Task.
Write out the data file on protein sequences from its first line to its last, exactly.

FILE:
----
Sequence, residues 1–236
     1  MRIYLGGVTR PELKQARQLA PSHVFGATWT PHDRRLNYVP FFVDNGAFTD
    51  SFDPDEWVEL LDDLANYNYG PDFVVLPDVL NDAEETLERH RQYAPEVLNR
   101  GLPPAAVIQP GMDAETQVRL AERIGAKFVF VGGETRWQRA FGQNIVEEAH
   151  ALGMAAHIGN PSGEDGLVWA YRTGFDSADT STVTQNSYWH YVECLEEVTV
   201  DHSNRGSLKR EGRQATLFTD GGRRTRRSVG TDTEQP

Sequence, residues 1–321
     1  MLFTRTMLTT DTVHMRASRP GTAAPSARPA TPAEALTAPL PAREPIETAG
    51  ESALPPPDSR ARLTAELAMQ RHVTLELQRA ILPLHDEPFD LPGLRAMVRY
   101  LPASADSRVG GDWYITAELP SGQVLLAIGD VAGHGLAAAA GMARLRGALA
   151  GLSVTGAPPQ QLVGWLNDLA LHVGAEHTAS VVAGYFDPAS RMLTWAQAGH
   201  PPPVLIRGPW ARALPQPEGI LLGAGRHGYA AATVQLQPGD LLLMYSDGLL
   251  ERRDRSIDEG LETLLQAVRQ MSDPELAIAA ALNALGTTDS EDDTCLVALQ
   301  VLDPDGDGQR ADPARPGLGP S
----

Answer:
Sequence, residues 1–236
     1  MRIYLGGVTR PELKQARQLA PSHVFGATWT PHDRRLNYVP FFVDNGAFTD
    51  SFDPDEWVEL LDDLANYNYG PDFVVLPDVL NDAEETLERH RQYAPEVLNR
   101  GLPPAAVIQP GMDAETQVRL AERIGAKFVF VGGETRWQRA FGQNIVEEAH
   151  ALGMAAHIGN PSGEDGLVWA YRTGFDSADT STVTQNSYWH YVECLEEVTV
   201  DHSNRGSLKR EGRQATLFTD GGRRTRRSVG TDTEQP

Sequence, residues 1–321
     1  MLFTRTMLTT DTVHMRASRP GTAAPSARPA TPAEALTAPL PAREPIETAG
    51  ESALPPPDSR ARLTAELAMQ RHVTLELQRA ILPLHDEPFD LPGLRAMVRY
   101  LPASADSRVG GDWYITAELP SGQVLLAIGD VAGHGLAAAA GMARLRGALA
   151  GLSVTGAPPQ QLVGWLNDLA LHVGAEHTAS VVAGYFDPAS RMLTWAQAGH
   201  PPPVLIRGPW ARALPQPEGI LLGAGRHGYA AATVQLQPGD LLLMYSDGLL
   251  ERRDRSIDEG LETLLQAVRQ MSDPELAIAA ALNALGTTDS EDDTCLVALQ
   301  VLDPDGDGQR ADPARPGLGP S